Letters from Iwo Jima: Los Angeles based-actors create the World War II film
Cultural News, 2007 January Issue
Letters from Iwo Jima, Clint Eastwood’s latest World War II film is gaining popularity in Japan and the U.S. Despite the fact that the actual battle took place on an island in the Pacific Ocean, most of the scenes for the movie were shot in March and April 2006, at an old silver mine in a desert near Barstow, which is located between Los Angeles and Las Vegas.
Along with several famous actors recruited from Tokyo, a substantial number of Los Angeles-based actors and actresses contributed to the film.
Cultural News reports on the profiles of four Los Angeles-based actors who appeared in the film Letters from Iwo Jima.
Yuki Matsuzaki plays the role of “Private Nozaki” who is a buddy of one of the main characters, and who eventually kills himself with a hand grenade during a mass suicide in a cave at Suribachi Mountain.
Matsuzaki, 25, was born and raised in Miyazaki city, in Miyazaki prefecture. He started acting at the age of 7 in a small theatrical group that performs children’s tales in his hometown on the island of Kyushu.
He came to the U.S. when he was 18. While living in New York City, all his money was stolen and he became homeless. Then he began singing and performing on the streets of Times Square. After he was cast in an independent action film in New York, he decided to move to Los Angeles. Matsuzaki was cast in The Last Samurai as an officer. His website is www.yukimatsuzaki.com.
Toshi Toda plays the role of “Col. Adachi” who chose to order a suicide attack rather than follow his commander’s protracted tactics. Tokyo native Toda started his acting career at Gekidan Shiki in Tokyo in three-year- period and moved to New York City.
After Toda spent 17 years as the Broadway musical actor, he chose to become a movie actor in Hollywood. Toda has been in Los Angeles for 15 years and takes various roles in films and television dramas. He previously appeared in Pearl Harbor as a Japanese dentist who witnessed the Japan’s attack at his dental office.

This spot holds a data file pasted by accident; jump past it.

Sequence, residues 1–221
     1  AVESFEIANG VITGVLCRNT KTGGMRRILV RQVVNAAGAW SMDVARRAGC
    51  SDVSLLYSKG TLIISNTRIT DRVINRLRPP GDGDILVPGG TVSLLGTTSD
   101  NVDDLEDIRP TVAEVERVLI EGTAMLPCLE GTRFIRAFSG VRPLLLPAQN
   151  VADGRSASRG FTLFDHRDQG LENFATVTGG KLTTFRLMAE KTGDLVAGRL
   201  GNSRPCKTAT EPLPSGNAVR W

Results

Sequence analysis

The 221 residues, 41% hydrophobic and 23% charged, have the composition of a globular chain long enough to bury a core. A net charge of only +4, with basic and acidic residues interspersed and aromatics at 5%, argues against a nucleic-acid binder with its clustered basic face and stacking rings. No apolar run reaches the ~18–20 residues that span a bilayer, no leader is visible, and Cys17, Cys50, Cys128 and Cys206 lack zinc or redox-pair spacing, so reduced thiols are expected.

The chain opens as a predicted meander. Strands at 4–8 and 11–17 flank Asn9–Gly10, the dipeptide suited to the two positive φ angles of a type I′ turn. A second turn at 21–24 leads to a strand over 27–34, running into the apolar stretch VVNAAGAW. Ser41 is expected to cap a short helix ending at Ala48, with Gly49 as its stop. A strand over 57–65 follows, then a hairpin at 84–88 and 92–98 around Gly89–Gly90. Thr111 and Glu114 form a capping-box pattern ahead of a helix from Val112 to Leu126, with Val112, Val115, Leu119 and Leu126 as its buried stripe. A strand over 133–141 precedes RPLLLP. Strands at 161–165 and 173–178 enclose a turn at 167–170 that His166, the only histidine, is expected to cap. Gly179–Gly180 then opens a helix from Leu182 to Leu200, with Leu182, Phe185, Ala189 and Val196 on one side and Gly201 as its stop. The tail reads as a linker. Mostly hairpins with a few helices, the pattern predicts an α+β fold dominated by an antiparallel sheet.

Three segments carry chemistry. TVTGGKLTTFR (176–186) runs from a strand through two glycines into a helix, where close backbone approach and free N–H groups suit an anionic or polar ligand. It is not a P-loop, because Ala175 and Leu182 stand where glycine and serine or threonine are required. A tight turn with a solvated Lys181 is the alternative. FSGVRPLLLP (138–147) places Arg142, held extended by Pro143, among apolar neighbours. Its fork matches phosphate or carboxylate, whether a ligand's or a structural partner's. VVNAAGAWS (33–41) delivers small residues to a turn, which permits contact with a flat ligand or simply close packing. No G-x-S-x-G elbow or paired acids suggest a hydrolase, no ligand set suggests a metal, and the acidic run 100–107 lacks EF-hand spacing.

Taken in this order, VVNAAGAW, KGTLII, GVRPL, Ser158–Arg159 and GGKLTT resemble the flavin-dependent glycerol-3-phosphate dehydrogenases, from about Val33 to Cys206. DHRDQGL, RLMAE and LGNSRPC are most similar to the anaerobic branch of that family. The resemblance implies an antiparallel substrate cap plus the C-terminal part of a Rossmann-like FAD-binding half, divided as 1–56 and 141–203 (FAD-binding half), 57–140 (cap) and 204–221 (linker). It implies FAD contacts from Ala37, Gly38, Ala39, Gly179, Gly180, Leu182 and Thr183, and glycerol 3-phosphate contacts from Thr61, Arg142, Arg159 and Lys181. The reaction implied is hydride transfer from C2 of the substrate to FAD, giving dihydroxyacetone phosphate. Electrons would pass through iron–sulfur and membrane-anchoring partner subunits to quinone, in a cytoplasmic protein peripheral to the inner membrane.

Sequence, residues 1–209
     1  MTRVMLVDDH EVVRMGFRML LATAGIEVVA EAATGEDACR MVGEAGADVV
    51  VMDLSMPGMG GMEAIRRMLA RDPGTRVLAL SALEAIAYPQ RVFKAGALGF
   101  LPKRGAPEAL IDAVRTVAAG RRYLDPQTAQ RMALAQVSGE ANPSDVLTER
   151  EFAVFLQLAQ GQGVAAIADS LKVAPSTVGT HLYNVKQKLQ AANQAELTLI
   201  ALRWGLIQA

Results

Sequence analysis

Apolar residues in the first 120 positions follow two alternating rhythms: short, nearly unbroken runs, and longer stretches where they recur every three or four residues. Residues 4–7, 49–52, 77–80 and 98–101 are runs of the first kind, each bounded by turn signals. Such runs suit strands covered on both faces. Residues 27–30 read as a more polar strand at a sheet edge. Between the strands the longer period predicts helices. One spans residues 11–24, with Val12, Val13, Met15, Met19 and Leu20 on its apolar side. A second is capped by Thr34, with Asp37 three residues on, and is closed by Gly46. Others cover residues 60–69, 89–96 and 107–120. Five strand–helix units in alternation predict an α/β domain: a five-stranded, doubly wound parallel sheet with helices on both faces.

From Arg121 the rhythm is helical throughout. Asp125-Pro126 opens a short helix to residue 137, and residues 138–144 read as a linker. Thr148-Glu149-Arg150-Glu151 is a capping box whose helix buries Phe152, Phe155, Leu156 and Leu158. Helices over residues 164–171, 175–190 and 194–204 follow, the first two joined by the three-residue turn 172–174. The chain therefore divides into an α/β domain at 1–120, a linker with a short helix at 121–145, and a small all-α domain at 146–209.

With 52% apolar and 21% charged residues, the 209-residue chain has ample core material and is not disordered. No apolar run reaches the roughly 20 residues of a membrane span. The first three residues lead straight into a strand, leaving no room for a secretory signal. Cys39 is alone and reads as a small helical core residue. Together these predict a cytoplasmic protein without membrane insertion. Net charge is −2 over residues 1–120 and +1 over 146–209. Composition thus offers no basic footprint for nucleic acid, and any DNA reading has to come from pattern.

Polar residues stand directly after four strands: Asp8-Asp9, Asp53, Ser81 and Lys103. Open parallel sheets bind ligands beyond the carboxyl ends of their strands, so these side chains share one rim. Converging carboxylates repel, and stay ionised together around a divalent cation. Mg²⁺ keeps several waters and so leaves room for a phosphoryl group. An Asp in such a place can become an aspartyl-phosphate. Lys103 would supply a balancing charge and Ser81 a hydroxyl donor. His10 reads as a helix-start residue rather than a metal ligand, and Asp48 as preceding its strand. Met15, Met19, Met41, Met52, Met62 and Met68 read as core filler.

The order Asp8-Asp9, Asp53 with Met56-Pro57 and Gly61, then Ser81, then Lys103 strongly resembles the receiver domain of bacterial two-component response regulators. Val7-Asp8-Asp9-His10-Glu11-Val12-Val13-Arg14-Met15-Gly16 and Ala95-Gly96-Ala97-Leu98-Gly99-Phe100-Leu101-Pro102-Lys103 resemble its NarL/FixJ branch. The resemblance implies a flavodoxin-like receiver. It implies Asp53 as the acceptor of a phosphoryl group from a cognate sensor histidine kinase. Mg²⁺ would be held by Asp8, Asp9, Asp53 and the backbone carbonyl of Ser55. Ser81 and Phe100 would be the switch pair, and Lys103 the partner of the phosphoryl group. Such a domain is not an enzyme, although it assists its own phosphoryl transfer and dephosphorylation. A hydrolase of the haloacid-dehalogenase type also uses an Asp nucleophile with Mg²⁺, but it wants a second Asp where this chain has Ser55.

Yukari Black plays the role of “Mother” who is harassed by an aggressive patrol officer in Tokyo in a memorable flashback scene. Also, her voice is heard as Tokyo Rose in Flags of Our Fathers.
Yukari was born in Hamamatsu city in Shizuoka prefecture. Since she was 3, she has been on stage as an actress, singer, dancer, and songwriter, in a variety of styles.
She has a degree in Performing Arts from Tamagawa University in Tokyo. Most recently, she has formed a taiko group called TYT which performed her original songs at the Japan Expo in Los Angeles in November 2006. Her theater credits include Sakiko in The Nadeshiko, Lady Thiang in The King and I, and Solange in Follies. She has been in Los Angeles for 13 years.
Hiroshi Watanabe, formerly of Tokyo, portrays “Lt. Fujita” who is an assistant for the commander. His most recent film appearance was in The Last Samurai. He also worked in several plays by the internationally acclaimed director Elizabeth Hoffman of the ICAP Theatre Company.
Film: Letters from Iwo Jima
Sixty-one years ago, U.S. and Japanese armies met on Iwo Jima. Decades later, several hundred letters are unearthed from that stark island’s soil. The letters give faces and voices to the men who fought there, as well as the extraordinary general who led them.
The Japanese soldiers are sent to Iwo Jima knowing that, in all probability, they will not come back. Among them are Saigo (Kazunari Ninomiya), a baker who wants only to live to see the face of his newborn daughter; Baron Nishi (Tsuyoshi Ihara), an Olympic equestrian champion known around the world for his skill and his honor; Shimizu (Ryo Kase), a young former military policeman whose idealism has not yet been tested by war; and Lieutenant Ito (Shidou Nakamura), a strict military man who would rather accept suicide than surrender.
Leading the Japanese defense is Lt. General Tadamichi Kuribayashi (Ken Watanabe), whose travels in America have revealed to him the hopeless nature of war but have also given him strategic insight into how to take on the vast American armada streaming in from across the Pacific.
With little defense other than sheer will and the volcanic rock of the island itself, Gen. Kuribayashi’s unprecedented tactics transform what was predicted to be a quick and bloody defeat into nearly 40 days of heroic and resourceful combat.
Almost 7,000 American soldiers were killed on Iwo Jima; more than 20,000 Japanese troops perished. The black sands of Iwo Jima are stained with their blood, but their sacrifices, their struggles, their courage and their compassion live on in the letters they sent home.
Letters From Iwo Jima is being released worldwide by Warner Bros. Pictures, and has been rated “R” by the MPAA for “graphic war violence.”
Copyright by Cultural News